This makes it a piece of cake to rig the line and change leaders fast. This unique range of lines also provides you with a new taper design to give you a more powerful head.
Full Sink Fly Line FAQ
When to use a full sink fly line?
A full sink fly line is a line that is designed to sink down into the water that you are fishing in. It is used to fish for nymphs and streamers.
Trout feed mainly below the surface of the water, so a full sink line makes a lot of sense when going for them.
A full sink line is infused with tungsten powder. This makes it heavier than a conventional fly line causing it to sink more rapidly.
Full sink lines vary in their sink rate depending on the amount of tungsten that is infused into the line.
There are a number of sink fly lines that perform somewhat differently to one another. A sink tip fly line is around 90 feet long.
The first third of this line is the sinking portion. The rest of the line will float on the surface of the water.
A mini sink tip line is between ten and fifteen feet long. It is added to the end of a floating line. Just this end portion will go under the water.
In contrast, a full sink line will completely submerge itself under the water. A full sink line is more difficult to cast than the other types of lines.
An intermediate sink line will maintain a level just below the surface of the water. This is ideal when you are working in a body of water that is full of weeds.
You can also get full sink fly lines that are slow, fast and very fast sinking.
Why is the full sink fly line best for trout?
A full sink line is a good choice when you are fishing for trout because it allows you to get your fly as close as possible to the mouth of your fish.
It allows you to get the fly directly down to where the fish is located, which is something that a floating line simply cannot do.
A trout is likely to lurk on the bottom of the water and then rise to go after the fly. When the fly is at the end of a full sink line, you are able to put the temptation directly in front of the trout.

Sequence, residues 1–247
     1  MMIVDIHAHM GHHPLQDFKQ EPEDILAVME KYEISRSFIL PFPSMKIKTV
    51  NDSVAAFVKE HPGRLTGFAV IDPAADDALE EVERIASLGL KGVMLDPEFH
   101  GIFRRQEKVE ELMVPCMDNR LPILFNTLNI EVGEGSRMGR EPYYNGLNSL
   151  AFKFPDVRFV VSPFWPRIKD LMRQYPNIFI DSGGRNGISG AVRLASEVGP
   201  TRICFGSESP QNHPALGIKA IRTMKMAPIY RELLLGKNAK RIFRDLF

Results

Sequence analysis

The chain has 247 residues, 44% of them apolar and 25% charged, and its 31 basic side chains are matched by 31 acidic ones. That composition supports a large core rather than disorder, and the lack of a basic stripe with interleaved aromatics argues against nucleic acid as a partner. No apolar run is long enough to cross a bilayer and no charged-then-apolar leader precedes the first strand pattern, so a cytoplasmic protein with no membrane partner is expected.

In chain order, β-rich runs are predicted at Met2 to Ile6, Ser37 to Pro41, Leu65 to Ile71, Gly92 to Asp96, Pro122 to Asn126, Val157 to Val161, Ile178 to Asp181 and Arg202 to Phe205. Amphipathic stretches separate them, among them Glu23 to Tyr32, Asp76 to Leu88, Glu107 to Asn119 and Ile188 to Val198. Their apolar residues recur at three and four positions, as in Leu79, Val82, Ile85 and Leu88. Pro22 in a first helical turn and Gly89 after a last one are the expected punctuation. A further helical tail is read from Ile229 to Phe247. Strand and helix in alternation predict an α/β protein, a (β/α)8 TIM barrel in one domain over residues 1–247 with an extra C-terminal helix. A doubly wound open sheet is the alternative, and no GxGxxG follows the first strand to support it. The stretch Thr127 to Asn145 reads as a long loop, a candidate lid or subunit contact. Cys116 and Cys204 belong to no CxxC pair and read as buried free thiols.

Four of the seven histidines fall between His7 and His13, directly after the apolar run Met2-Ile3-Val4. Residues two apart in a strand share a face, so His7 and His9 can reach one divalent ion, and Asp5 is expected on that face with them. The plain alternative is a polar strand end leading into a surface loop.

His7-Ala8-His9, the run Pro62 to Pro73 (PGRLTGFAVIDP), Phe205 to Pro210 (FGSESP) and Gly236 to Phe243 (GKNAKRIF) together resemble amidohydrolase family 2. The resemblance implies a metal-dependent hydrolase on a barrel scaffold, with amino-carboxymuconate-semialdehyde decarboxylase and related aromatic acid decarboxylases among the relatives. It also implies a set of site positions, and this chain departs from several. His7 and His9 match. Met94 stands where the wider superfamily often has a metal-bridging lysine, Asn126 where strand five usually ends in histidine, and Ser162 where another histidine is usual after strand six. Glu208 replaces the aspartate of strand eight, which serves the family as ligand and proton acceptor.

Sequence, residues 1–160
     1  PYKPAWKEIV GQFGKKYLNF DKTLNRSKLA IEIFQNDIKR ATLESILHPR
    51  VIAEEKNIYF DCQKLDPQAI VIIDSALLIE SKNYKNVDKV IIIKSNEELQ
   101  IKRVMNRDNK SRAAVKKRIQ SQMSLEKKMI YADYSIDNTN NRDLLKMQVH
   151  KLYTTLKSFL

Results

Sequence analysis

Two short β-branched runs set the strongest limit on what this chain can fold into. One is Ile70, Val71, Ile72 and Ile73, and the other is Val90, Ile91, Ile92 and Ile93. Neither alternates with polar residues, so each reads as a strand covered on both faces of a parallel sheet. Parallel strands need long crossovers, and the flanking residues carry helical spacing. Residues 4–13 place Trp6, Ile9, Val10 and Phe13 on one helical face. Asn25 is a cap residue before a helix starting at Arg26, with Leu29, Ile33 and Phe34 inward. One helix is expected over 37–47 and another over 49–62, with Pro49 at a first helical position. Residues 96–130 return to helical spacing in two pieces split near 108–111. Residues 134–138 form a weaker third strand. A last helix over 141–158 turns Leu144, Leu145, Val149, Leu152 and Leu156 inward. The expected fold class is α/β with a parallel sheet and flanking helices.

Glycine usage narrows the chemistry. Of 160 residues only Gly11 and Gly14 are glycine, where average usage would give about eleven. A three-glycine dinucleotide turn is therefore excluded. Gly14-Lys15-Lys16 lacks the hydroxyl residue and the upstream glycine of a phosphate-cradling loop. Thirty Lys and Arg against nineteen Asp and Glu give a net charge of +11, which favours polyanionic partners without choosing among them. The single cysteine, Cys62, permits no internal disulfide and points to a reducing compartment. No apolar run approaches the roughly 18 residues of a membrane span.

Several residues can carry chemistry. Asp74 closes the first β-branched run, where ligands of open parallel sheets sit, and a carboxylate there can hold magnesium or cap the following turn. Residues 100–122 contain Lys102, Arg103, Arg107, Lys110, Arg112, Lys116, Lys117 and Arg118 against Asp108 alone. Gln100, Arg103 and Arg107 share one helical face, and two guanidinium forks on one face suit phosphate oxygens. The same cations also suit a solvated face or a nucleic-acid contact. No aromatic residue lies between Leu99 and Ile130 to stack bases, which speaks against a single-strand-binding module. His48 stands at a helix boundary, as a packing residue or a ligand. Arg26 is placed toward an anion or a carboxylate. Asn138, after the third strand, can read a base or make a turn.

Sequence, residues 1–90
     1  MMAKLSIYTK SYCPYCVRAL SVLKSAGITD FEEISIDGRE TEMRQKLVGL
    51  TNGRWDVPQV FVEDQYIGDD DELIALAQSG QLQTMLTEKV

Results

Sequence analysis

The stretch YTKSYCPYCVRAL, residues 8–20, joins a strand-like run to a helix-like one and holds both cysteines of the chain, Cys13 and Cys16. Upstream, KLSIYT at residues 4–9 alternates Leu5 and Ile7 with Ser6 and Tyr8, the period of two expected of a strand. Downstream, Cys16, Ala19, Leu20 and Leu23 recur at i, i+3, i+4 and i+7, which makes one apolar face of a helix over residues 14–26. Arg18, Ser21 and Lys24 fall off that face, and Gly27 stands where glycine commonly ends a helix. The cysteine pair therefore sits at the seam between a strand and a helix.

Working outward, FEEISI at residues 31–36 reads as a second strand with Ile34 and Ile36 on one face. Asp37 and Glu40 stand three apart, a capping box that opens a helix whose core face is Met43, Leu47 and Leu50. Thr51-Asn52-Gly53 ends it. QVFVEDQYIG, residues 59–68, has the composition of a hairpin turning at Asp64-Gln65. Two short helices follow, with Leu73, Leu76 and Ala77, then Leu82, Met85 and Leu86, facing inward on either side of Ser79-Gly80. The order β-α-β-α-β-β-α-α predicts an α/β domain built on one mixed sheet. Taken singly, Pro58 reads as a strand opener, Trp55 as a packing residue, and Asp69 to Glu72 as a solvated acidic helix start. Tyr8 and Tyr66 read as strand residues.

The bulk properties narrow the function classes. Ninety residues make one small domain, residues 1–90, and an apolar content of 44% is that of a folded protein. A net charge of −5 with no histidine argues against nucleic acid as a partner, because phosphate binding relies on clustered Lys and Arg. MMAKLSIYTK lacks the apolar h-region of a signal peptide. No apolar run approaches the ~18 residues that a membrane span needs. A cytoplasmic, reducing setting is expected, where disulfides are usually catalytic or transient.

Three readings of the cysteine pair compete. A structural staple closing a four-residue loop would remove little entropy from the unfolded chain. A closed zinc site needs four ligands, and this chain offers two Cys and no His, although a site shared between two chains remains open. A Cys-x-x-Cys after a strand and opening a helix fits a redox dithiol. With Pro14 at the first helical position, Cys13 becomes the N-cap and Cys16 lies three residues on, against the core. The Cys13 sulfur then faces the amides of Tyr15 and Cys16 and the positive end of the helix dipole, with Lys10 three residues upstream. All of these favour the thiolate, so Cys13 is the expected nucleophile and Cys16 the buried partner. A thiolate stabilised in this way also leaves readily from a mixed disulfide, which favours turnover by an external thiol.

As a result, the fish doesn’t have to travel as far to take the (hopefully) fatal bite.
How to fish with a full sink fly line?
It can be challenging to cast a full sink fly line. To make it easier, you should strip the line and fly in more than you normally would when using a floating line.
You should also make a slight adjustment to your casting stroke. In addition, opening up the casting range of motion will also help. Try to make just a single back cast.
Which type of sinking fly line will perform for your needs will depend on what type of water and which species of fish you are after.
We offer a our top choices and explore their strengths and weaknesses.
Before you select a sinking fly line you need to know what application you are going for.
Sinking fly lines are made to sink at a specific rate that is given in inches per second, and is abbreviated ips.
Obviously you don’t want to fish a fast sinking line in water that is too shallow, because you’ll snag bottom.
But the most important deciding factor in selecting a full sink fly line is at what depth you expect to find the fish feeding.
Casting fast sinking line in relatively shallow water will require a faster retrieve. But if a fast retrieve is what you are after, then a fast sinking line might be the answer.
But if you need to retrieve slowly, or even pause frequently during the retrieve then you will want a slower sinking line.
And if the water is really shallow then maybe you even should consider an intermediate line, which sinks around 1-2 inches per second.
Type III and IV sinking lines are good middle-of-the-road sinking fly lines, which sink at a rate around 3-5 inches per second.
Most anglers find type III and IV provide for a good range of fishing depths while still allowing good control.
For top performance and the best chance of success, it is super important that you use sinking fly line for the correct application.